Many banks will refund you the fee charged to you for using an ATM that is not your bank’s ATM. In addition, these same banks won’t charge you a fee each time you use an ATM. ATM fees add up, especially if your business requires you to use the ATM a lot as a part of your business operations.
Account management tools
There are many account management tools a good business bank account should offer.
Here are some of the tools you should look out for:
- User-friendly mobile app
- View balance online
- Pay bills online
- Move funds via an online account
3. Gather the required documents
After you have decided which type of business account you need, you’ve selected a bank, you need to gather the documents required to open a business bank account. We listen to the required documents for opening a business bank account. In addition, we explained each one, and what it is, so that you are not confused in any way. So gather those documents and get prepared for the next step, which is applying for a business bank account.
4. Apply for your business bank account
Applying for a business bank account might seem daunting at first. However, for many business bank accounts, the process is quite simple. In addition, for most banks, you don’t even need to go through the hassle of going in person. Today, most banks offer the feature to apply online for a business bank account.
Applying for a business bank account should not take long, especially if you have all the required documents ready in advance. Please make sure that everything is correct so that you don’t have any tax issues later, or even worse, issues with the IRS.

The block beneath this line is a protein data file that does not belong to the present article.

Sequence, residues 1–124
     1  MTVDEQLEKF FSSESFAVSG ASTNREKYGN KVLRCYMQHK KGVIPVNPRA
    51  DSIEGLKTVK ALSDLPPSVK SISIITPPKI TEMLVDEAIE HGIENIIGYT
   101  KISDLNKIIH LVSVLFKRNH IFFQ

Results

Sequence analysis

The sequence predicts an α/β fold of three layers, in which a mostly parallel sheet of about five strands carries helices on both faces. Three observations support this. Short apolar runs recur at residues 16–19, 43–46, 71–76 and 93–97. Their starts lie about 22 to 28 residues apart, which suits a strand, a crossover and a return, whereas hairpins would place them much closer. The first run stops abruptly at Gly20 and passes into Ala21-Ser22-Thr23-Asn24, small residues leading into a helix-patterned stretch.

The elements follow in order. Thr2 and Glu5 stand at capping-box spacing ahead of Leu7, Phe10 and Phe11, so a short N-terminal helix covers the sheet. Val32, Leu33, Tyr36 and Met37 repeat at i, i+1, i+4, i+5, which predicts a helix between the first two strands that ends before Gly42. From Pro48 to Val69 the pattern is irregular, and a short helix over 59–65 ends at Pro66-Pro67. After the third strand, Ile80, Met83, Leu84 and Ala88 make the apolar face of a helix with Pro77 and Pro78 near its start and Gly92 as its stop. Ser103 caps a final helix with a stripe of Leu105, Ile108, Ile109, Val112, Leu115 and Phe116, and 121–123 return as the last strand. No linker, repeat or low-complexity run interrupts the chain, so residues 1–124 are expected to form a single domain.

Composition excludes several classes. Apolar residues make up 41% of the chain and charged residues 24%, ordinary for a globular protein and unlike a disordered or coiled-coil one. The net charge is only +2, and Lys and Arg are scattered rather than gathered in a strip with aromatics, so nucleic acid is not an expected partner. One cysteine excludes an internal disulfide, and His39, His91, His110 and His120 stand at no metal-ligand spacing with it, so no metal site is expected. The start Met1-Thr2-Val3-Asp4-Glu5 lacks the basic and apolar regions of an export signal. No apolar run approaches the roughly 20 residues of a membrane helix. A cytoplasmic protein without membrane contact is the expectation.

5. Start using your business bank account
Many business bank accounts don’t require a minimum deposit. However, in order to really start using your business bank account, and taking advantage of all of its benefits, it makes sense to put some cash in it. It is easy to make an initial deposit, most of the time you don’t even need to go to an ATM, or to do it in cash. To make your first deposit, all you likely need to do is make an electronic or wire transfer of money from the current bank account that you are using into your new business bank account. Also, you can write a check. Then start using it. After all, that’s the reason why you wanted a business bank account in the first place, right, to use it.
Frequently Asked Questions
Do I need a business bank account?
Do I need an EIN to open a small business bank account?
An EIN is not required to open a business bank account. However, in the case that you don’t have an EIN, you will have to use your Social Security Number (SSN) to open your business bank account.
How much money do I need to open a business account?
Typically you don’t have to pay any fee to open a business bank account. However, there might be minimum deposit requirements to open a business bank account.
Some banks don’t require any minimum deposit to open a business account. However, others require a minimum deposit of anywhere from $5 to $1,000 or higher.
Opening a business bank account is not a daunting and tedious task. Actually, it often doesn’t take much time at all. Also, with many banks, you can open a business bank account online, instead of going through the hassle of doing it in person.
Our only advice is this …
Make sure you prepare all the items we’ve listed above before you go to open your business bank account. Also, make sure you review the required documents your new bank requires to open a bank account (to make sure nothing is missing).
This will prevent any delays and ensure that the process of opening the account goes as smoothly as possible.
Was this article helpful?
I used to travel a lot for work. Doing my expenses frustrated me. I would delay submitting them and when I did, I would spend hours taping receipts to paper to scan for my boss. I knew there was a better solution, and I had a background in productivity software, so I created Falcon Expenses. I enjoy creating software that makes people’s lives easier.
In addition, I’m an avid skier and I enjoy hiking, sailing, and cooking.